With blockchain estimated to secure $10 billion in financing over the course of 2016, this aligns with Ko observing in a LinkedIn content piece by Edward Musinski, chief digital officer (CDO) of Future Technology: “Financial technology is catching up speed in Asia and the developments and innovation in this area has been expanding.”

Ko added, “We see receptiveness of fintech among professionals as well as existing financial institutions, as well as government authorities, even in conservative countries in Asia.

With Cho noting the positioning of South Korea, with the solidity of its information communications technology (IT) infrastructure, cultural capital and active IPO market – Seoul’s KOSDAQ being the fourth largest secondary stock market in market capitalisation globally – its reasons to list in Singapore require a deeper evaluation, given Singapore’s IPO markets languishing compared to Hong Kong, which saw only a single listing on the mainboard in 2015.

While the Singapore bourse will naturally evolve in terms of policies, operating doctrine and global positioning within the next two to three years, with African banks exploring the cryptocurrency space, trends seeing a rapidly evolving Asian landscape, major firms like EY initiating secondment programmes and traditional banking stalwarts like Lloyds entering the fintech space, Marvelstone is positioning itself for the future with its latest moves.

Also Read: Life.SREDA, Marvelstone eye Korea with joint $20m fund

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Singapore Reporter/s

In Singapore, we are looking to double our reporting team by this year-end to comprehensively cover the fast-moving world of funded startups and VC, PE & M&A deals. We want reporters who can tell our readers what is really happening in these sectors and why it matters to markets, companies and consumers. The ability to write precisely and urgently is crucial for these roles. Ideal candidates must have to ability to work in a collaborative, dynamic, and fast-changing environment. We want our new hires to be digitally savvy and ready to experiment with new forms of storytelling. Most importantly, we are looking for hard-hitting reporters who work well in a team. Collaboration and collegiality are a must.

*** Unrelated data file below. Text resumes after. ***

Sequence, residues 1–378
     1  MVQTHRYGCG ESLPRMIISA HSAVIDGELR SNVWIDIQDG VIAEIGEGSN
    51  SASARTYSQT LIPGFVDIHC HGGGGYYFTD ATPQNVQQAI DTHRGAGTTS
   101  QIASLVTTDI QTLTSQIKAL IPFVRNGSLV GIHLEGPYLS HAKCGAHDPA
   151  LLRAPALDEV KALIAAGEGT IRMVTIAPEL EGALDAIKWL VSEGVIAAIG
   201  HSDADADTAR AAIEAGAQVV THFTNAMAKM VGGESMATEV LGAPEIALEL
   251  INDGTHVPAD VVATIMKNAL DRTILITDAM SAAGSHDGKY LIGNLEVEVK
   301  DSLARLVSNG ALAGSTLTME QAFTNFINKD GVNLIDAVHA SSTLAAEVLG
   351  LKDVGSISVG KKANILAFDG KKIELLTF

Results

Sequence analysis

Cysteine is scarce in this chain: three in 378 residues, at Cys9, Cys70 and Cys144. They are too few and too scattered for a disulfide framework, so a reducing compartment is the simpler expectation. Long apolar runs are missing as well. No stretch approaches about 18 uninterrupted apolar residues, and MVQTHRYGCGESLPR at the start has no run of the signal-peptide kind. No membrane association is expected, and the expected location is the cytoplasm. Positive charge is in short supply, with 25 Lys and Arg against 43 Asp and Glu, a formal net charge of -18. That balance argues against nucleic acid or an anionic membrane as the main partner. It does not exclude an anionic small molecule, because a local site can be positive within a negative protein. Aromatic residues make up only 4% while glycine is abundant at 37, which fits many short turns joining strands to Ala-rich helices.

Following vacancies can be applied for (only in Singapore).

Following vacancies can be applied for (only in Singapore).   

  • A reporter to track companies/startups that have raised private capital, and have the potential to become unicorns. SEA currently has over 40 companies with a valuation of over $100 million and under $1 billion.
  • A reporter who can get behind the scenes and reveal how funding rounds are put together, or why they’ve failed to materialise. She/he in this role will largely focus on long-format stories. 
  • A journalist to track special situations funds, distressed debt and private credit (from the PE angle) across Asia.

Singapore Reporter/s

In Singapore, we are looking to double our reporting team by this year-end to comprehensively cover the fast-moving world of funded startups and VC, PE & M&A deals. We want reporters who can tell our readers what is really happening in these sectors and why it matters to markets, companies and consumers. The ability to write precisely and urgently is crucial for these roles. Ideal candidates must have to ability to work in a collaborative, dynamic, and fast-changing environment. We want our new hires to be digitally savvy and ready to experiment with new forms of storytelling. Most importantly, we are looking for hard-hitting reporters who work well in a team. Collaboration and collegiality are a must.

Following vacancies can be applied for (only in Singapore).

Following vacancies can be applied for (only in Singapore).   

  • A reporter to track companies/startups that have raised private capital, and have the potential to become unicorns. SEA currently has over 40 companies with a valuation of over $100 million and under $1 billion.
  • A reporter who can get behind the scenes and reveal how funding rounds are put together, or why they’ve failed to materialise. She/he in this role will largely focus on long-format stories. 
  • A journalist to track special situations funds, distressed debt and private credit (from the PE angle) across Asia.